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Credit: Shit-Faced Shakespeare
Credit: Shit-Faced Shakespeare

Shit-Faced Shakespeare’s Much Ado About Nothing, Leicester Square Theatre – Review

Pros: A drunken performance Oliver Reed would have been proud to give.

Cons: If you don’t like panto crowds, this is going to drive you up the wall.

Pros: A drunken performance Oliver Reed would have been proud to give. Cons: If you don’t like panto crowds, this is going to drive you up the wall. This is so, so wrong. I mean, so very, very wrong.  What classically trained actor worth their salt would turn up on stage so drunk they’re grinning from ear to ear, whilst everyone else is trying to look serious and professional?  Well okay, Oliver Reed, but that's an exception surely? Except that with Shit-Faced Shakespeare the whole point is that one of the cast gets deliberately drunk before proceedings commence. Just…

Summary

Rating

Excellent

It might be very much a one joke pony, but that one joke has so much to offer it’s worth seeing again and again.

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This is so, so wrong. I mean, so very, very wrong.  What classically trained actor worth their salt would turn up on stage so drunk they’re grinning from ear to ear, whilst everyone else is trying to look serious and professional?  Well okay, Oliver Reed, but that’s an exception surely?

Except that with Shit-Faced Shakespeare the whole point is that one of the cast gets deliberately drunk before proceedings commence. Just one mind you, the rest do their very best to remain professional and in full character all evening. In fact, they generally succeed, which given the events that go on around them is an incredible feat in itself. They even manage to give the impression they could do this properly if required. But I doubt it would be half as much fun.

I can’t recall seeing a Shakespeare play that features a compere. Especially one who proudly shows us the empty cans and bottles that the drunk actor in question has consumed beforehand, consisting of two cans of Budweiser and a whole bottle of prosecco. Quite a feat when it turns out tonight’s chosen one, Beth-Louise Priestly, can’t weight more than maybe seven or eight stone. In fact, it seems a miracle she even remains conscious all evening, although, at one point, that was a close call.

This is adult panto pretending to do Shakespeare. If you believe the Bard’s work is sacred, this is going to offend. And it’s likely to be even more offensive because Priestly really can’t control her mouth. Shakespeare may have been well known for his expansive use of the English language, but I doubt he would have understood some of the colourful words coming from her mouth tonight. But if you don’t mind that the ploy really isn’t followable, both because its condensed and the drunk cast member can hardly remember her lines, then Shit-Faced Shakespeare is without doubt a very entertaining thing to behold.

The ensemble are clearly well practiced in their craft, whether that be acting or drinking, They’re also highly skilled in the art of ab lib as they adjust to their colleague’s drunken ramblings. I don’t recall Santa Claus being in any of the Bard’s plays, but tonight he was referenced throughout as our drunk became transfixed on the ho-ho-ho’ing laugh of an audience member that she kept returning to over and over. I also don’t recall ever seeing a Shakespearian wedding almost not happen as the bride to be decided to declare that she preferred the girls anyway. Her groom had to work hard to get her back on track!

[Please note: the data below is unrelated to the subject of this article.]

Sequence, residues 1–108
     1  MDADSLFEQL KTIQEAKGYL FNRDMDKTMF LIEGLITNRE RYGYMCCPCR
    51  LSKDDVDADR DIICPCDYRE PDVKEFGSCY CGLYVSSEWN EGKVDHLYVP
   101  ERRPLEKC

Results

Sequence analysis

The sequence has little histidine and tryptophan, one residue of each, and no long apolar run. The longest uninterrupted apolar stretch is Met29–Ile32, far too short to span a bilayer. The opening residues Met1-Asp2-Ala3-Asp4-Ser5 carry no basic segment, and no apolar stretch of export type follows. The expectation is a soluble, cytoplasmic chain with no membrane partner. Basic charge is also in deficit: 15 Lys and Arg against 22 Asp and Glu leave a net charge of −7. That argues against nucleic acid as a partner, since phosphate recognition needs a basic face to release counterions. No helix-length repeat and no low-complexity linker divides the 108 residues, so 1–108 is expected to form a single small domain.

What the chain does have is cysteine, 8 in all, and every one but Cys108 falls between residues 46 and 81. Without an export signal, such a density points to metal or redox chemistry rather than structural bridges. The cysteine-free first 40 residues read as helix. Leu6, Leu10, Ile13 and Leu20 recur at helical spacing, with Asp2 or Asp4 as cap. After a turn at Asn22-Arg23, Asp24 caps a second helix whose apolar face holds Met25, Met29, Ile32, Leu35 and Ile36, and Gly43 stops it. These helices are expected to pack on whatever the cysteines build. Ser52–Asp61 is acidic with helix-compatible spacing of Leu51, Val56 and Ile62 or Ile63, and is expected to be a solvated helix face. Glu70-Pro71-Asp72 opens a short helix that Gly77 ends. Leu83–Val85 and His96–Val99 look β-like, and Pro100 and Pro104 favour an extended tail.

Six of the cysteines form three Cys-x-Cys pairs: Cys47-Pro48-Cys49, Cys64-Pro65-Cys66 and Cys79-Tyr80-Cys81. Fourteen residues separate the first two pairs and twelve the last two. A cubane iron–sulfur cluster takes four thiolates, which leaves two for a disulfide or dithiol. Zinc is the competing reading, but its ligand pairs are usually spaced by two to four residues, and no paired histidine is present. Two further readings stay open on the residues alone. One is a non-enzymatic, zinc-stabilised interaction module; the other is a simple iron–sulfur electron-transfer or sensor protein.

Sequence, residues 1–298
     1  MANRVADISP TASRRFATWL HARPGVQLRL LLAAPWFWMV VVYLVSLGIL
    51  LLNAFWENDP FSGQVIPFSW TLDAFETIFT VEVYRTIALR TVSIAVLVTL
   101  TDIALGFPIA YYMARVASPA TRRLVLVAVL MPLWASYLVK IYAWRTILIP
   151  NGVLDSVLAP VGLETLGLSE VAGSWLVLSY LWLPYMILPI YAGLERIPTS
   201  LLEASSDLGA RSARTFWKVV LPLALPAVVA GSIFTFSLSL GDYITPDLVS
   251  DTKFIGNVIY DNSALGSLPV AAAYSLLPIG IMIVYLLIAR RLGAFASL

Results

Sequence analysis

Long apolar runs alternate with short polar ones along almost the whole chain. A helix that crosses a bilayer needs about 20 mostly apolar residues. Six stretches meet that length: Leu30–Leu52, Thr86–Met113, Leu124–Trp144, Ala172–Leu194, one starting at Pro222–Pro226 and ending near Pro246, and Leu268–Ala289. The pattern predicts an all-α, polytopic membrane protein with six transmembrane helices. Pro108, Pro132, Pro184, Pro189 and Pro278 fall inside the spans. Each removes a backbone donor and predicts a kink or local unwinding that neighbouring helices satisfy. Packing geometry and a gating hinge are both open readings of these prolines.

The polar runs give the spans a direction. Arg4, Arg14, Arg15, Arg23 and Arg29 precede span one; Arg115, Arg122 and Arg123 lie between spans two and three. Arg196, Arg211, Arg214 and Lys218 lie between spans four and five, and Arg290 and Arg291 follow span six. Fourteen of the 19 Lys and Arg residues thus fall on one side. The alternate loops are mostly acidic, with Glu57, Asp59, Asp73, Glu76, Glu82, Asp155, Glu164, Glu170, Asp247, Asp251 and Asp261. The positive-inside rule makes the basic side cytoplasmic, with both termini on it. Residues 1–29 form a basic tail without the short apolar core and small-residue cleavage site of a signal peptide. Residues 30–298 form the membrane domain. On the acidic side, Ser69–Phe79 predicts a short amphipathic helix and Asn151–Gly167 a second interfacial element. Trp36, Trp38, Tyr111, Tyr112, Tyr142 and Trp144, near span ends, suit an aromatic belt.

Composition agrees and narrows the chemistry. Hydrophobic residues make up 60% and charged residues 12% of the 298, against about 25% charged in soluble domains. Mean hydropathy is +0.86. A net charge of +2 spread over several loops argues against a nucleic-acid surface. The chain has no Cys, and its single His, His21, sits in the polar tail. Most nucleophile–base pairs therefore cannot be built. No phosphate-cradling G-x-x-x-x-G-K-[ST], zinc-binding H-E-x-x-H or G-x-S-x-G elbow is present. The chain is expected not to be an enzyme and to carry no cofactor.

My one real issue with the show was that there were sections of the audience clearly enjoying their own voices way too much. Yes, this is so close to panto that it encourages audience participation, but when it almost becomes heckling it is, to myself at least, rather grating. Especially when the joy of this show is in hearing some of the random utterings from our drunk star and the ad libs from her fellow thespians, utterings lost at times to those over-eager audience members.

Shit-Faced Shakespeare is always going to be a love it or hate it show. It was clear on this occasion that there were many present who had been before, whilst others, myself included, were witnessing this for the first time, but knowing they would return again. It’s so clear no two performances would ever be the same. After all, you never know which lucky (or is that unlucky?) actor is the one who is picked to get drunk beforehand, and as we all know, no two drunks are ever the same! They say artists suffer for their art. For Priestly, that surely means one hell of a hangover in the morning.

Author: William Shakespeare
Adapted By: Lewis Ironside
Director: Stacey Norris
Producer: Beth-Louise Priestly
Box Office: 020 7734 2222
Booking Link: https://leicestersquaretheatre.ticketsolve.com/shows/873562224
Booking Until: 16 September 2017

About Rob Warren

Rob accidently ended up working in social housing as a temporary thing. That was ten years ago and hasn't got around to leaving just yet as it fits nicely in with his political views of the world. Started out writing music reviews. Spent many a happy night propping up bars in the back rooms of London's dodgiest music venues. Whilst he is still looking out for the next great band, Rob eventually got into theatre as you get to sit down rather than stand. Theatre was also kinder on the hearing, which had never recovered fully from the last Primal Scream gig he attended. Like his work, Rob tends to like his plays a little social leaning, which probably explains why he struggles to find people to go with him half the time.